Santos’ destruction of the Pilliga Forest would be a ‘crime’

Pilliga Forest. Photo: Pilliga Pottery facebook

Maria Rickert, the German-born owner and co-founder of the Pilliga Pottery and Barkala Farmstay, is passionately committed to protecting the Pilliga Forest from Santos’ plan to drill 850 coal seam gas (CSG) wells.

“I would like to emphasise how beautiful the Pilliga is,” Rickert told Green Left. “We need to bring awareness to the Australian people that the Santos gas project will have a destructive impact on the forest and the water system beneath it.

“Coal seam gas is not the same as natural gas. It is ‘unconventional gas’, which we do not need.”

Rickert arrived in Australia as a backpacker, some 30 years ago. She decided to settle on the 800-acre Barkala Farm beside the Pilliga Forest between the north western New South Wales towns of Narrabri and Coonabarabran.

Together with her then husband, they created the Pilliga Pottery, which creates pieces of art that are collected the world over. The Barkala complex includes a restaurant and visitor accommodation.

“The Pilliga is relatively untouched at present”, Rickert said. “It is the largest temperate forest remaining in Australia. The walking tracks and bicycle rides are famous, and would be placed in jeopardy if the Santos plan goes ahead.

“The great majority of local people are against the project. The farmers are against it, the residents of Coonabarabran are against it.

“The Independent Planning Commission and the state government must listen to the people. This project would contribute to ruining the future of the Pilliga and the future of coming generations.”

Rickert gave an oral presentation to the NSW Independent Planning Commission (IPC) hearings on the Santos project. “It is an important responsibility we all have as human beings to prevent damage to the environment for future generations. We must protect our fresh air, our clean water, and to keep our natural forests intact.

“Santos is creating a crime scene by planning to destroy the priceless Pilliga Forest.”

“The Pilliga Forest belongs to the people. People have a right to know that it is a safe place to visit.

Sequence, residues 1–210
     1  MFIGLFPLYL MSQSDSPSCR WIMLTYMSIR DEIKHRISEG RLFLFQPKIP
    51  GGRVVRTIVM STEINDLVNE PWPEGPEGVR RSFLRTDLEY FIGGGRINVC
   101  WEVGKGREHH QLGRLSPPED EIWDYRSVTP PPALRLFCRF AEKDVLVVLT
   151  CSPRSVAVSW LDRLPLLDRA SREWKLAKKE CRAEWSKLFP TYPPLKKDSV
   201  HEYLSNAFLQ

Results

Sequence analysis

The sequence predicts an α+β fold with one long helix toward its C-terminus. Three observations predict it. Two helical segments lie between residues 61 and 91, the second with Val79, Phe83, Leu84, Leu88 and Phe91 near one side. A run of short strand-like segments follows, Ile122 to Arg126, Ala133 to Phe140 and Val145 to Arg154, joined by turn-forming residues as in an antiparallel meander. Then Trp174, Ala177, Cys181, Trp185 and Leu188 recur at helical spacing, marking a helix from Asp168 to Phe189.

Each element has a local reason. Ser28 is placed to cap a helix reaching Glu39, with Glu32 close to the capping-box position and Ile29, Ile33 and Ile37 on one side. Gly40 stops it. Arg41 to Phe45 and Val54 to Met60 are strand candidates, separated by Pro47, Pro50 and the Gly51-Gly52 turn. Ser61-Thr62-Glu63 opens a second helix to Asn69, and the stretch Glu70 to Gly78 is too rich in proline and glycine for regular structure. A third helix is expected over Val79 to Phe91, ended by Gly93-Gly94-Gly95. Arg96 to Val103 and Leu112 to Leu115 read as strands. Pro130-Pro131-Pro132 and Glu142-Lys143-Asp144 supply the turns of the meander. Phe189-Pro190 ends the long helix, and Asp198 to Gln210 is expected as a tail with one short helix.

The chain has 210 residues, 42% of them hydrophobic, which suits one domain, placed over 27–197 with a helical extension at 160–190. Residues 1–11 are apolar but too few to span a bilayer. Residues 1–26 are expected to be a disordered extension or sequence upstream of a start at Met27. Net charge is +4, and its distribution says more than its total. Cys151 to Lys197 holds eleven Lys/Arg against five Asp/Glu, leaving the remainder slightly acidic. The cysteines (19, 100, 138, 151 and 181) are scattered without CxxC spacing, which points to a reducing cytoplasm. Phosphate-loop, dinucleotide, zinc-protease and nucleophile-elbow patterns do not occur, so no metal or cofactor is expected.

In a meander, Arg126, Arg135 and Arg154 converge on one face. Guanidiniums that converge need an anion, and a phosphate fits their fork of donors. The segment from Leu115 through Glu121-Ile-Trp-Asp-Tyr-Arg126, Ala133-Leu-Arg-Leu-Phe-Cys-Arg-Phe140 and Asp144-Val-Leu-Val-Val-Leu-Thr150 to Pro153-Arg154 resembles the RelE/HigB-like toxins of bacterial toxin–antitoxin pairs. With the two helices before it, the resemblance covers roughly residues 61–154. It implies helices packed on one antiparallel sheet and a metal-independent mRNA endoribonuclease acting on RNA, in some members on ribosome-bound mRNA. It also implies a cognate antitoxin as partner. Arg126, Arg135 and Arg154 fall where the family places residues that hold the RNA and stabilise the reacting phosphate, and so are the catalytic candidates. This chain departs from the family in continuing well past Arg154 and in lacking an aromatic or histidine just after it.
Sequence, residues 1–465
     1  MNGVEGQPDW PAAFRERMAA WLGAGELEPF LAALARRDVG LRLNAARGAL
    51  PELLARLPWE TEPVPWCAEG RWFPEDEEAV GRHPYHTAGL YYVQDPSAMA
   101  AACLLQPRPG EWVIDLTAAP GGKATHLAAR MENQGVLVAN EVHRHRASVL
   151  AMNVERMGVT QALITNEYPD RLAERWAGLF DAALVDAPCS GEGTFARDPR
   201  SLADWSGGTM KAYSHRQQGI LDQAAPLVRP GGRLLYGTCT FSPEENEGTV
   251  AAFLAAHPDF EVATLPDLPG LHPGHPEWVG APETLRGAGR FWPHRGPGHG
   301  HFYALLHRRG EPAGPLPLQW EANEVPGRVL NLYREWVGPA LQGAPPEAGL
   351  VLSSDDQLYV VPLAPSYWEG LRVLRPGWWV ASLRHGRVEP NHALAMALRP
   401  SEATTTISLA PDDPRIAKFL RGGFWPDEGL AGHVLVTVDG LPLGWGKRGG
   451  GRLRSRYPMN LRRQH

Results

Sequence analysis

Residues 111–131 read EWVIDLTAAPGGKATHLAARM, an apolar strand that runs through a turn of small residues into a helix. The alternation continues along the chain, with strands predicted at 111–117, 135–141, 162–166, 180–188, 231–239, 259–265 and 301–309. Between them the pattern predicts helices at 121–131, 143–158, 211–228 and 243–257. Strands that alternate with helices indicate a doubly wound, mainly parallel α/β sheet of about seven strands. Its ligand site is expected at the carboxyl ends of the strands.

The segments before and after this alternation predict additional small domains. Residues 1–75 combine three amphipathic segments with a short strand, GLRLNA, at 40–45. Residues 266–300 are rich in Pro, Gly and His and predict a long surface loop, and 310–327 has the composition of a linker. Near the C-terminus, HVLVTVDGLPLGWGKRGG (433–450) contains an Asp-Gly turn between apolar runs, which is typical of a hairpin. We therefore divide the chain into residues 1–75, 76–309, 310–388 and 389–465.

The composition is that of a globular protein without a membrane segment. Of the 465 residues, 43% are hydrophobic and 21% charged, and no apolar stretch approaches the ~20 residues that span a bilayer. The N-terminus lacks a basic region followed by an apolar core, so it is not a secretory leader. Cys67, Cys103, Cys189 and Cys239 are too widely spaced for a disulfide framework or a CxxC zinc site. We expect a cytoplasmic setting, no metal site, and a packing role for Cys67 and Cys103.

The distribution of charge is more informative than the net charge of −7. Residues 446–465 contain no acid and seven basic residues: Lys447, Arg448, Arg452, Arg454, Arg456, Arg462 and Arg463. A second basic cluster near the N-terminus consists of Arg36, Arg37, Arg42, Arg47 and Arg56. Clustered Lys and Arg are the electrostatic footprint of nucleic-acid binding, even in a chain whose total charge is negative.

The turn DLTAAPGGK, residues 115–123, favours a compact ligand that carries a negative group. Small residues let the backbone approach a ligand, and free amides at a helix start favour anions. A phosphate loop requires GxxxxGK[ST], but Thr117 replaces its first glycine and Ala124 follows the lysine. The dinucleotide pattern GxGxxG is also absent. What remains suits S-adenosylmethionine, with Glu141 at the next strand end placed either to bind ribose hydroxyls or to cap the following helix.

“Drilling for CSG will have a serious impact on tourism in this area, among all the other negative effects. Santos’ plan [for 850 wells] means increased fire danger, toxic waste, and a threat to the Great Artesian Basin.”

She said the gas project would wreck more than the forest. “There is the question of climate change, and the need to turn away from fossil fuels like gas. The water will be poisoned, the air will be polluted.

“We must all think of the kids coming through. Let’s not make it even harder for the next generations.

“We are the guardians of this land. We must fight to protect the Pilliga and other vital natural treasures and hand them on intact to the coming generations.” concluded.

[Maria Rickert's story features along with other residents opposing the Santos project in the film Pilliga Rising by Social Impact Media. An online forum on fighting Santos' push for gas in the north-west of NSW will be held on Tuesday, August 25, 2020 at 6:30 PM – 7:30 PM.]

UPCOMING EVENT

IN CONVERSATION WITH BRUCE PASCOE: The Climate Emergency & Indigenous Land Practice

SATURDAY 5 DECEMBER ♦ 4PM ACT, NSW, TAS & VIC ♦ 3:30PM SA ♦ 3PM Qld ♦ 2:30PM NT ♦ 1PM WA

Zoom panel featuring Bunurong man Bruce Pascoe, award-winning Australian writer and editor, author of Dark Emu: Black Seeds: Agriculture or Accident?

Also featuring agroecologist Alan Broughton, filmmaker & Rural Fire Service volunteer Robynne Murphy and City of Moreland councillor Sue Bolton.

For more information call (02) 8070 9341 or 0403 517 266. Hosted by Green Left.